Thursday, November 10, 2011

What is the Mangatrix?

Kyoto is kind of like Japan's Florence (Firenze) in that it holds much of the classic architecture of Japan's past and artworks from Japan's own renaissance (Although Ironically this was the Edo Period, the old name for Tokyo). But in a lot of ways it is not like Florence.

When you walk through the old districts of Florence, they are precisely that. Kyoto has heritage listed buildings galore, but no real zoning, the old wooden housing long since pulled down and replaced with concrete block architecture, now streaked with acid rain. A large part of the reason for this is practical, in a country prone to earthquakes it makes sense to build dwellings out of materials unlikely to collapse and then burn.

But Kyoto unlike Florence leaves one with an inescapable desire to imagine what it would have been like if the whole city had been preserved. Allegedly allied forced had protected Kyoto from being bombed in WW2, when it was still largely wooden structures. With the advances in Weapons guidance systems and the uglification of Kyoto's non temple/shrine/castle/palace buildings, I doubt it would be protected today.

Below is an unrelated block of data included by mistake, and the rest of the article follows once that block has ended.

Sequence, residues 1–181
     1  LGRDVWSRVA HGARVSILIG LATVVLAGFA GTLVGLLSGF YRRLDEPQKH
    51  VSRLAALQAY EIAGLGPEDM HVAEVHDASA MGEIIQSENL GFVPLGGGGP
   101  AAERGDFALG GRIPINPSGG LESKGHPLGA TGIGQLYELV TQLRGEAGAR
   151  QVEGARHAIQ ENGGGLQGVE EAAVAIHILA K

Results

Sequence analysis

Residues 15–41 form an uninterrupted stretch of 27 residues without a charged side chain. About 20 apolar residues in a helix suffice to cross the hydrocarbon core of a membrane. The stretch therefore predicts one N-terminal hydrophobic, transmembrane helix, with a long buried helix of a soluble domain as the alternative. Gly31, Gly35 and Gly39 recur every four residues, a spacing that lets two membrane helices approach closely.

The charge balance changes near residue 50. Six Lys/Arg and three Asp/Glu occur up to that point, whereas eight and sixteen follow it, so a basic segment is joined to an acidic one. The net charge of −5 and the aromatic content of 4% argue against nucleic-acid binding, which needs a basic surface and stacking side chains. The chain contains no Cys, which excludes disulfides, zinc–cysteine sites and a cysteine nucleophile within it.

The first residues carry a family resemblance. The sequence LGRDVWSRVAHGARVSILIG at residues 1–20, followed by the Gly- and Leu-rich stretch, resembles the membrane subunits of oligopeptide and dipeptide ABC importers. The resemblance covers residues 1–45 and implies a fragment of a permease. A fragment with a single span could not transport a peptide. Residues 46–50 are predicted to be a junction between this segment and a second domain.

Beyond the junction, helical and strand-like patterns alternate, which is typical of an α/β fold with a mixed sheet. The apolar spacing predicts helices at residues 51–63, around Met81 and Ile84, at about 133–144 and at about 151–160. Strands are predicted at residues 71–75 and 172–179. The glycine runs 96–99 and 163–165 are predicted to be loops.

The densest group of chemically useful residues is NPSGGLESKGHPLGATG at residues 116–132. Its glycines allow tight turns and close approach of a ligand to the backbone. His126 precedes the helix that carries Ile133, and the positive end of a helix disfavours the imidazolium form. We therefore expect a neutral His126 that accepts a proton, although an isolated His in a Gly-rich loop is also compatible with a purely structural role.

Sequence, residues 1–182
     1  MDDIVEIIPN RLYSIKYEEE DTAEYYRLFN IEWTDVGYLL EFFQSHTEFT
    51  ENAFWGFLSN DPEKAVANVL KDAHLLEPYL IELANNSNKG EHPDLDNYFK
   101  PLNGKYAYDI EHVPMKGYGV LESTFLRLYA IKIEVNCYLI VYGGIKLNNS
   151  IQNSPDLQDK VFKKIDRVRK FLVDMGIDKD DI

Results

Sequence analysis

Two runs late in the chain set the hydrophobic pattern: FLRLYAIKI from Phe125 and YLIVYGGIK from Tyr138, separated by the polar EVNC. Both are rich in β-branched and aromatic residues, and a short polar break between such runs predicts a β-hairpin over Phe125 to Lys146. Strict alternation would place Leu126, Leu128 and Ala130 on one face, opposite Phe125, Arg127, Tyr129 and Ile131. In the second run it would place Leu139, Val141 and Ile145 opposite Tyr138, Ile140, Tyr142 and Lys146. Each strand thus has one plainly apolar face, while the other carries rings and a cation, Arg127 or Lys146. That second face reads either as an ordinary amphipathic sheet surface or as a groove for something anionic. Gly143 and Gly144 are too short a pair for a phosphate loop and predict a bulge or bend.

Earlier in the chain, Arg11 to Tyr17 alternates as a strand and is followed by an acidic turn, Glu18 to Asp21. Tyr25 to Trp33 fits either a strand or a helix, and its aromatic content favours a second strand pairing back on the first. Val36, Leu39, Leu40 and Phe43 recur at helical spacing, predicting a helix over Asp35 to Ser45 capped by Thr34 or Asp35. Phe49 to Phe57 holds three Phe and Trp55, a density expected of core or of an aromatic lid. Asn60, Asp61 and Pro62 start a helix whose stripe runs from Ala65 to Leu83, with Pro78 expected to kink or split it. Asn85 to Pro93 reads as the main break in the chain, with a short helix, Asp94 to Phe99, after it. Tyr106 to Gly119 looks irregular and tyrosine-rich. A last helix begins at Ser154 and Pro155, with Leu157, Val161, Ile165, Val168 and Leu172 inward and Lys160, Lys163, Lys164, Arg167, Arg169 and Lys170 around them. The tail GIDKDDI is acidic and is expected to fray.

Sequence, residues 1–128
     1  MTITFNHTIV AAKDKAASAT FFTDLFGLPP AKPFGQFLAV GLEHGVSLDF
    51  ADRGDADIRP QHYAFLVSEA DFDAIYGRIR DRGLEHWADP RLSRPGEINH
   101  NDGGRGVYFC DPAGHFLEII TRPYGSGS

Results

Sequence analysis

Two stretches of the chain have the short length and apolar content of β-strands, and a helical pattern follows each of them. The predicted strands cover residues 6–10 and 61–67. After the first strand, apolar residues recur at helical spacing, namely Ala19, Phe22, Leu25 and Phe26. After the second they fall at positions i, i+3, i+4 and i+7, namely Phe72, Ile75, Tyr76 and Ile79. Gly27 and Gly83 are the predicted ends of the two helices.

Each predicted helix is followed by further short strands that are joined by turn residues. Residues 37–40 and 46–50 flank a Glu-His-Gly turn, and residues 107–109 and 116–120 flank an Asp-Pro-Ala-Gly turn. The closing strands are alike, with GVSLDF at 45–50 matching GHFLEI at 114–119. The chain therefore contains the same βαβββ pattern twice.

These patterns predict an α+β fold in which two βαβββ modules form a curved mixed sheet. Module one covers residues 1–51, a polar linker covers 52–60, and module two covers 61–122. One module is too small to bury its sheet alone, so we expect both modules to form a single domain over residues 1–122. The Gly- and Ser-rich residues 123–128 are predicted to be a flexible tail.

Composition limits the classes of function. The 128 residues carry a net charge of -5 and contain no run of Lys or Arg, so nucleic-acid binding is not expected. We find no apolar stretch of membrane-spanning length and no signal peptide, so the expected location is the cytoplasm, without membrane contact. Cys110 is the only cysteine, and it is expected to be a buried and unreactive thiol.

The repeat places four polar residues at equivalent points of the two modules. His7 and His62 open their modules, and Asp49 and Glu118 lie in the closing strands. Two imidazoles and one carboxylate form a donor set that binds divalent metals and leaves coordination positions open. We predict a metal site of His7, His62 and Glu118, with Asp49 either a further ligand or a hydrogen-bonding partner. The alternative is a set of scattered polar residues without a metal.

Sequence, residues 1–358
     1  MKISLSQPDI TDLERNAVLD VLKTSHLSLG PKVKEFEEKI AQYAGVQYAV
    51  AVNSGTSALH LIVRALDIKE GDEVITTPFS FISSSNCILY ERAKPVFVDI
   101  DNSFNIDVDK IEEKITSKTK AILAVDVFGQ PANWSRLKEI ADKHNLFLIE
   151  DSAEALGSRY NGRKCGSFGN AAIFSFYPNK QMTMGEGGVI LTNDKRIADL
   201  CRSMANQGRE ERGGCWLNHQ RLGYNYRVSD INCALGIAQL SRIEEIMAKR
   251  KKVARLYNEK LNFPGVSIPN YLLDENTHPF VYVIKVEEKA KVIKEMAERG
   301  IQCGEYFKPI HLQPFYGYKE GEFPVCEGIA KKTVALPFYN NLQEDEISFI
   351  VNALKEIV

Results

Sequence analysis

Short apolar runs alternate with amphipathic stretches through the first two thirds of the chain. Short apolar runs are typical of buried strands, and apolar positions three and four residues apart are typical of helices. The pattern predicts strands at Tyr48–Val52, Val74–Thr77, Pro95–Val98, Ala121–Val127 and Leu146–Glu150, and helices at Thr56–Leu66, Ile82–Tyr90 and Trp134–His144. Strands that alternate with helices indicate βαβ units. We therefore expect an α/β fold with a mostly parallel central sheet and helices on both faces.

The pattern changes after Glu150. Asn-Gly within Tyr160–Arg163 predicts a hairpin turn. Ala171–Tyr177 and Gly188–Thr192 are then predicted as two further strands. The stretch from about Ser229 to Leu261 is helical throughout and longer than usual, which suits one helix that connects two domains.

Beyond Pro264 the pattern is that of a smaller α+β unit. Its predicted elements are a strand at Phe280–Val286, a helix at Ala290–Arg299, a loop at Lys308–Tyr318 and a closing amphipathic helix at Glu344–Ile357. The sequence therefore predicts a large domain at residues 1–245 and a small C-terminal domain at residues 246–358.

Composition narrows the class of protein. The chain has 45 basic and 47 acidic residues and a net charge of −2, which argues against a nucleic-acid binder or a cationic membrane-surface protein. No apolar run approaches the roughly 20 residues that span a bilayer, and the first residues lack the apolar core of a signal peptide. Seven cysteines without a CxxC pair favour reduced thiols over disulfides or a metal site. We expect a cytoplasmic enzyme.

And it occured to me, I could not live here. Not full time. I mean I could, but I would long for open spaces and clean rain and... pretty much all the settings employed in popular manga. I'm thinking of the open seas and island nations of One Piece, the mediteranian settings of everything Miyazake, even Naruto's open deserts, vallies and forrested villages. All very unjapanese.

Japanese people live in cramped apartments, daily reorganizing their lives in a way that is not unimpressive. They also live I think inside their heads, in the imaginary spaces of Manga comics.

It occurred to me, a beguiling theory of the popularity of Comics amongsts Japanese of all ages, is that the demand for escapism is just part of life. Obviously there are a bunch of titles that are very close to the daily lives of Japanese, set in Japanese cities. But into the mangatrix we go, the Japanese escaping the close confines of living, if for only a few minutes at a time, by escaping to comicbook world.

It's just a thought and probably but one aspect of the many things that make Comics so popular in Japan, but I thought it, now it is here. For posterity.

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